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Quantum Key Distribution is a technology that exploits the laws of quantum physics to guarantee the security of communications across optical networks. ID Quantique played a prominent role in the development of this technology and was the first vendor to bring a product to market. It is now carrying out an EU funded research project to conduct a rigorous and in-depth analysis of the security of Quantum Key Distribution technology in view of achieving standardized information assurance.
ID Quantique is seeking to hire a Postdoc who will carry out research on methods for the design and analysis of security of quantum key distribution systems.
Candidates must hold a PhD in computer science, electrical engineering or related areas, and must have a demonstrated record of top-quality research in theoretical cryptography or related areas.
If you are interested, please send an email with a copy of your CV, a short research statement, and the name of at least two candidates for reference letters. Review of applications will begin immediately and will continue until the position is filled, the starting date is flexible.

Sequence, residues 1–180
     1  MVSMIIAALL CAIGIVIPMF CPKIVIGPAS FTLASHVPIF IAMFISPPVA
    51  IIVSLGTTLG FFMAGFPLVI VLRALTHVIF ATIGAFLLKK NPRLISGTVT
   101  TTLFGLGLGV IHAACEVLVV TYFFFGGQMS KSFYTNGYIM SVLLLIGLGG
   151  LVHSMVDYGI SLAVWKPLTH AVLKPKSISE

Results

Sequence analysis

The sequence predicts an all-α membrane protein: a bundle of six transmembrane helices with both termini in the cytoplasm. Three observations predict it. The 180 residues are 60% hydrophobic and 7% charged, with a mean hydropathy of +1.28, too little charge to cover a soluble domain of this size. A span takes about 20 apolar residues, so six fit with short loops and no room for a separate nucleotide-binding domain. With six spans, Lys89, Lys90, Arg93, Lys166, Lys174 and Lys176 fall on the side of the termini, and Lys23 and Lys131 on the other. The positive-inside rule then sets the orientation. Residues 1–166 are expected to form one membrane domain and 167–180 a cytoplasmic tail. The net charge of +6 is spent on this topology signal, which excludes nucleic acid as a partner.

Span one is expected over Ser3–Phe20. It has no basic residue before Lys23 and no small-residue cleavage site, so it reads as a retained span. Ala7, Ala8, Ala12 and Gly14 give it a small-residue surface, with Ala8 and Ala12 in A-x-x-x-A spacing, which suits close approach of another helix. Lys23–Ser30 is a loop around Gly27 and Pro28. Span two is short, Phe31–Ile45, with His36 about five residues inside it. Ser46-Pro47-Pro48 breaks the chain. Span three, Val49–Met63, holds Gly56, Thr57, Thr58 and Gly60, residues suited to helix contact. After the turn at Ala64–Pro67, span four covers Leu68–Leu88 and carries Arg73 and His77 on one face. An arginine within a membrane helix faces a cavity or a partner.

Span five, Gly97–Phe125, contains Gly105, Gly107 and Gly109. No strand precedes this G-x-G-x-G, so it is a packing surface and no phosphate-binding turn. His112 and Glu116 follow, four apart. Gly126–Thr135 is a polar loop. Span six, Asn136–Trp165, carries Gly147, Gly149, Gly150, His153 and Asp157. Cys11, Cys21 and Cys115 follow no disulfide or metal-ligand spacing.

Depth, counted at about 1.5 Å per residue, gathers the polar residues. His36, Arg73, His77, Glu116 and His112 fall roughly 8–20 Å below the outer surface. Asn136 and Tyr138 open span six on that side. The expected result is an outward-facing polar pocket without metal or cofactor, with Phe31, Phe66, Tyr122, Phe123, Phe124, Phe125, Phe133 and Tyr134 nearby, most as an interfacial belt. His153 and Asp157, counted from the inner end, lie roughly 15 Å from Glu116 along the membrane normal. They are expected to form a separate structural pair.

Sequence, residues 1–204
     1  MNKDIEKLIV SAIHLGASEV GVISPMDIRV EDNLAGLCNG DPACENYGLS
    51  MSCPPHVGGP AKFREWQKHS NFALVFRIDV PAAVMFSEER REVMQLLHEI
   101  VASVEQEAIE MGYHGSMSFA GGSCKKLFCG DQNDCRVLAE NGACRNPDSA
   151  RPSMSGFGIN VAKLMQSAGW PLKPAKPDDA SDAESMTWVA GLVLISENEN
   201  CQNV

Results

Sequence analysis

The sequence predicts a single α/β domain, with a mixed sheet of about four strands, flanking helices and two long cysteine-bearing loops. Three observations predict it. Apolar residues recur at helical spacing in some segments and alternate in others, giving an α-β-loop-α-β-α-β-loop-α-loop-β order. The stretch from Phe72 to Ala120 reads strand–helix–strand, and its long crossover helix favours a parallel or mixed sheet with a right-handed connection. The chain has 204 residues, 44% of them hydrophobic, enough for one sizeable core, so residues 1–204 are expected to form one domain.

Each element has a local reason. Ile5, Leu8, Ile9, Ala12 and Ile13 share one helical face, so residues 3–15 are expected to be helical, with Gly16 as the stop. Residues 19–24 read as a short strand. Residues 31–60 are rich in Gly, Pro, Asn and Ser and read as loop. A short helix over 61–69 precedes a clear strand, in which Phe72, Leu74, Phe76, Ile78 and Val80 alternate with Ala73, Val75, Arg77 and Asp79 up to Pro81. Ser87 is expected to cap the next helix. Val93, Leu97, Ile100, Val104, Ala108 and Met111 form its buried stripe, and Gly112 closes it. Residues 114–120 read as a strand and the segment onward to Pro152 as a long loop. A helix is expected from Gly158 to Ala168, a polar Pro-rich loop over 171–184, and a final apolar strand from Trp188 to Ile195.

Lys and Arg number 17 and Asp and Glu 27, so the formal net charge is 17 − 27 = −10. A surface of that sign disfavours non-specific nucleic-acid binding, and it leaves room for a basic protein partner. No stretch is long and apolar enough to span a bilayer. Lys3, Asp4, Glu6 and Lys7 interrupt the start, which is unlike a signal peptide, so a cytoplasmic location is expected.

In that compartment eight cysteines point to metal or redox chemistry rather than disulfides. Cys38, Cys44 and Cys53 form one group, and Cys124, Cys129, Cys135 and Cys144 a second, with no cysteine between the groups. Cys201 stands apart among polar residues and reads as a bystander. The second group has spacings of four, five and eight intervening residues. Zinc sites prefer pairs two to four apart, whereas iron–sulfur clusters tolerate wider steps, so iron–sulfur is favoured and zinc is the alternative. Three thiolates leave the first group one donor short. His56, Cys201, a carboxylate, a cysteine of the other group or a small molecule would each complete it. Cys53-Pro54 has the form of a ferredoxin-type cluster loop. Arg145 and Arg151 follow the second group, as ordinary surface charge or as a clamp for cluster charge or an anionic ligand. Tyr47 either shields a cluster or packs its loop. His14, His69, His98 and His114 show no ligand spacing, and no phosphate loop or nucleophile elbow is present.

The three open positions are:
Applications are invited for one PhD studentship in the Security Group at the Computer Laboratory to work with Dr Steven Murdoch. Funding for this position is provided by Microsoft Research Cambridge and Research Councils UK through the Dorothy Hodgkin Postgraduate Awards scheme. As such, applicants must be nationals from India, China, Hong Kong, South Africa, Brazil, Russia or countries in the developing world as defined by the Development Assistance Committee of the OECD: http://www.oecd.org/dataoecd/32/40/43540882.pdf
The successful candidate will undertake research in the field of anonymous communications and privacy enhancing technologies. This broad research area provides considerable scope for the PhD candidate to find his or her own research direction.
The objective is to explore how we can make mobile payment systems dependable despite the presence of malware. Research topics include the design of next-generation secure element hardware, trustworthy user interfaces, and mechanisms to detect and recover from compromise. Relevant skills include Android, payment protocols, human-computer interaction, hardware and software security, and cryptography.